Unemployment Rate Reaches 16-Year High of 7.2%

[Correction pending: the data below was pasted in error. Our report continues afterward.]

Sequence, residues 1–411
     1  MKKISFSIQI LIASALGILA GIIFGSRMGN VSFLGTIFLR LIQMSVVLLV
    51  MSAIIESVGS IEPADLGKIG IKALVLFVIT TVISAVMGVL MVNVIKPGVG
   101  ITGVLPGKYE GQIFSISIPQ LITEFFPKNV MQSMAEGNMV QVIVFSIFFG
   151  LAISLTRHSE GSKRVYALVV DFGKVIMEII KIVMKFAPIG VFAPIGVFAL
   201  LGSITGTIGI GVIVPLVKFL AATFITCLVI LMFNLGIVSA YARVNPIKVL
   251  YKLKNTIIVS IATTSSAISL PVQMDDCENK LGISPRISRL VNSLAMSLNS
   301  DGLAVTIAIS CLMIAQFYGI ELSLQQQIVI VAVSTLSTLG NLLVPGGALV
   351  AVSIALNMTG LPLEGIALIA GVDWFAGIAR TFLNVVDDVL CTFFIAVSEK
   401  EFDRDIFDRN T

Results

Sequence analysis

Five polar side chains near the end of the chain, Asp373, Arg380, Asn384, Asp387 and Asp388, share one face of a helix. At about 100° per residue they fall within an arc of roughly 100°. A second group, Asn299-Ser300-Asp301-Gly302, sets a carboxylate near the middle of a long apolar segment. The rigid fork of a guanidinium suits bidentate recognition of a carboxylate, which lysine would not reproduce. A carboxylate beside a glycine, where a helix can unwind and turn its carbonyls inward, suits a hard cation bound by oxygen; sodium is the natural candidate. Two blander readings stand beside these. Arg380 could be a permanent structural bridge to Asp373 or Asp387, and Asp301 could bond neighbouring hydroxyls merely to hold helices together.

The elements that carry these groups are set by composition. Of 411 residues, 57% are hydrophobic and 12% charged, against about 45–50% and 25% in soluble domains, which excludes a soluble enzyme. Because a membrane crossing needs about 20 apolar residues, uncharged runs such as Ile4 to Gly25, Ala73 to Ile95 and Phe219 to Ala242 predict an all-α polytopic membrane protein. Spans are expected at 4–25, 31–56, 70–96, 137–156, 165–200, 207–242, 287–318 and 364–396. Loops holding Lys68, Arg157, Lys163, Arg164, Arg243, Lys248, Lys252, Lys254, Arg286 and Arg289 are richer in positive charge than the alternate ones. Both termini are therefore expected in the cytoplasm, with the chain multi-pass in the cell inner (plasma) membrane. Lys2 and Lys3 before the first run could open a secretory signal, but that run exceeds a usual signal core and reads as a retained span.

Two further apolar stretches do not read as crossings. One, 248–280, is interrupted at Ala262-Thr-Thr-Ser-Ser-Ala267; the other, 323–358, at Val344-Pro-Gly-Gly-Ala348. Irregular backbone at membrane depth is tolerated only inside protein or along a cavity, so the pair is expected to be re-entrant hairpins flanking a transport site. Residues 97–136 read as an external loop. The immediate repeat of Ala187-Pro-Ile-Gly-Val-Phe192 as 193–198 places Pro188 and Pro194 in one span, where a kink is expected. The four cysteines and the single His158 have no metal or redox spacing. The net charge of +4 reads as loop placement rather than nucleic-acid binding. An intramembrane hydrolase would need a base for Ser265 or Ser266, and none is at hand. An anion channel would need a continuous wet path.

The national unemployment rate rose from 6.8 to 7.2 percent in December, according to data released Friday by the Bureau of Labor Statistics of the U.S. Department of Labor. The 2008 job losses reached 2.6 million — with 1.9 jobs shed in only the last four months of the year. December payroll employment fell by 524,000, bringing the total four-month payroll employment down by 1.9 million. “The only major private industry sector that continued to add a significant number of jobs was health care,” BLS commissioner Keith Hall said in a media statement Friday. “Employment in this industry rose by 32,000 over the month [of December] and by 372,000 over the past 12 months.” In all of 2008, the jobless rate rose by 2.3 percentage points, and the number of unemployed increased by 3.6 million across all demographic groups, according to the economic data. The unemployment rate rose to 7.2 percent for adult men, to 5.9 percent for adult women, and to 6.6 for all whites in December. Unemployment rates remained essentially unchanged during the month for blacks — at 11.9 percent unemployed — and Hispanics — at 9.2 percent unemployed — according to the data. “The number of persons experiencing long spells of unemployment also has risen,” the employment situation report’s author wrote. According to the data, the number of “discouraged workers” — those persons not actively seeking employment “because they believe no jobs are available” — rose by 279,000 from a year earlier to a total of 642,000 in December. Read the report. Although the unemployment rate has climbed, claims for unemployment benefits have been declining in recent weeks. First-time applications for state unemployment benefits dropped 24,000 to a seasonally adjusted 467,000 in the week ending Jan. 3, the Labor Department said Thursday. This report marked the third consecutive week of declines, a trend that appeared to be foreshadowing an unexpected sign of stability in the economy, as Dow Jones Newswires expected claims would actually climb 63,000. With the data released Friday that shows the climbing unemployment, the appearance is now one of an increasingly unemployed sector with fewer individuals seeking benefits. It’s unclear now whether these figures indicate lowered morale — with unemployed persons simply giving up — or a brightened outlook — with unemployed persons declining to pursue collecting benefits because they see, perhaps, a bit of light at the end of the tunnel. Write to Diana Golobay at

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